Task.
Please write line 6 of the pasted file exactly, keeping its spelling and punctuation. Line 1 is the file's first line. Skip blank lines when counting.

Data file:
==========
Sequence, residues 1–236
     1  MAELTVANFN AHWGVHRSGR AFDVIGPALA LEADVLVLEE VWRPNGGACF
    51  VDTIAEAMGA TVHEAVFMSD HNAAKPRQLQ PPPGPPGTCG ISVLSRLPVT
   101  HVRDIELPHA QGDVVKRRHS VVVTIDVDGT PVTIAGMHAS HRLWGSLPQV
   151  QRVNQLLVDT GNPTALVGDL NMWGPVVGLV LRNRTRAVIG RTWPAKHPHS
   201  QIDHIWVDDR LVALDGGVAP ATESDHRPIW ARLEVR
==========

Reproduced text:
   201  QIDHIWVDDR LVALDGGVAP ATESDHRPIW ARLEVR